3. The data address of the library. The syntax for this address is the same as for the text address. The data address must be unique, it must be page-aligned, it must be greater than the text address and it must provide enough room for the entire text segment of the library to fit below it without overlap. No overlap detection is attempted - your library will just fail mysteriously if there are overlaps. Also, there must be enough room beneath the text address of the library with the next higher address for both the data segment and bss segment of the library to fit, or again you may see mysterious failures.
  4. The path to the archive form of the library, for example /usr/lib/libfoo.a. The standard /etc/shlib.map file defines some handy shell variables that abbreviate the usual directory names. Note that the directory prefix for the archive library is also used as the directory prefix for the `stub library' (libfoo_s.4.0.0.a), for the default const and except files (see shlib(8) for information about these files) and for the default loader source file (ditto).
  5. The path to the shared library, for example /shlib/libfoo_s.4.0.0. Again, useful prefixes are defined as shell variables. If your library will be used by programs that run in single user mode, put it in /shlib; otherwise, you can choose another appropriate directory. If you use the standard make headers, the directory prefix for this path will be used to set the default location for the dynamically linked shared library.

Any remaining fields are passed to the shlib program; these fields are often use to pass options. The most common usages are as follows:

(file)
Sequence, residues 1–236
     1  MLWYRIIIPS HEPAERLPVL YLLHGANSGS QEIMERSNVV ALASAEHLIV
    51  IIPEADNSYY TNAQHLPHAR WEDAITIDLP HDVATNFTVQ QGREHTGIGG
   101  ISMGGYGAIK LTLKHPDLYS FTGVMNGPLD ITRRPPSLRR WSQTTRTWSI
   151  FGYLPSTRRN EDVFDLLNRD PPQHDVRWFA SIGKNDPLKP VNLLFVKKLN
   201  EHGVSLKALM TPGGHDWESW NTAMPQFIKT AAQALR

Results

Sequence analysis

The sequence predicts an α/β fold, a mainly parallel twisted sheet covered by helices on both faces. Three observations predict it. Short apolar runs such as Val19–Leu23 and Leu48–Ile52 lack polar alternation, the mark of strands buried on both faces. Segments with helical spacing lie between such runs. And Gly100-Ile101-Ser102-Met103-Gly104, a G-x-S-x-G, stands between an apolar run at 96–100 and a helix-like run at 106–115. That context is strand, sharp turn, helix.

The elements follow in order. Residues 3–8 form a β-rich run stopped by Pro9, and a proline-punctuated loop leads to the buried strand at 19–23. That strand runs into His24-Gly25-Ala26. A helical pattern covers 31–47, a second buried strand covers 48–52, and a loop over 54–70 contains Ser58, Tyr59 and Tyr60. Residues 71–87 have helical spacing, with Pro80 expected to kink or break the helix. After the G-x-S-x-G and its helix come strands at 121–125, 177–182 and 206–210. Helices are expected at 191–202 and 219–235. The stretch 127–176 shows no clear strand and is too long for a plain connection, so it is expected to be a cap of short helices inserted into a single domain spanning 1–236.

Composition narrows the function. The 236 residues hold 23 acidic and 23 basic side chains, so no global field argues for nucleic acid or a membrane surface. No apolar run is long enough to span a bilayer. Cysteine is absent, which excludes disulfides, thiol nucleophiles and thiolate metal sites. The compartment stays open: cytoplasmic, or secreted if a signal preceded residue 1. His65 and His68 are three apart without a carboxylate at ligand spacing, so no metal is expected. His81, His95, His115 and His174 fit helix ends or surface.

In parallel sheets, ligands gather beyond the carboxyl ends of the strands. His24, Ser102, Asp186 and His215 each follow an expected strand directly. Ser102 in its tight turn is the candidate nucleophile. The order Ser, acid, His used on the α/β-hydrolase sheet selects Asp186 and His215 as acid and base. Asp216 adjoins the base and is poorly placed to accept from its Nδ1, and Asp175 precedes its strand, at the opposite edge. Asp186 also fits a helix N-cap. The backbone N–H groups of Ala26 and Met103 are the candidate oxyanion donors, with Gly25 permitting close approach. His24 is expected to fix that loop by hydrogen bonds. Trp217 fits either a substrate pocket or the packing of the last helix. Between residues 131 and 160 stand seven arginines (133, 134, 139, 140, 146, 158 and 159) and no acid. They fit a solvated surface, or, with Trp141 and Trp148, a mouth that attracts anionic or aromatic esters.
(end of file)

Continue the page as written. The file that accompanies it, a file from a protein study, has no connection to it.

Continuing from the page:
Statically linked shared libraries (libfoo_s.4.0.0) are created from archive libraries (libfoo.a), so building a statically linked shared library follows the same steps as as building an archive library:

In the next step, we show how a statically linked shared library is linked and installed with one command.

How do I install statically linked shared libraries?

As in earlier versions of BSD/OS, the mkshlib command links and installs statically linked shared libraries. It works by parsing the shlib.map file and creating an appropriate shlib command, which it prints and executes. The shlib program does the hard work of laying out the shared library, building the jump tables, linking it and installing it along with the `stub' library. (The stub library contains addresses of functions and data in the shared library, and the shlicc program links your program against stub libraries rather than the shared library image itself.) In BSD/OS 4.x, the statically linked shared libraries are ELF executable files but they are otherwise very similar to the old a.out shared libraries. (One arcane issue: The ELF libraries put their .rodata read-only data segment at the start of the text segment, so that changes in the sizes of functions won't affect the offsets of read-only data. This ameliorates one of the many disadvantages of statically linked shared libraries.)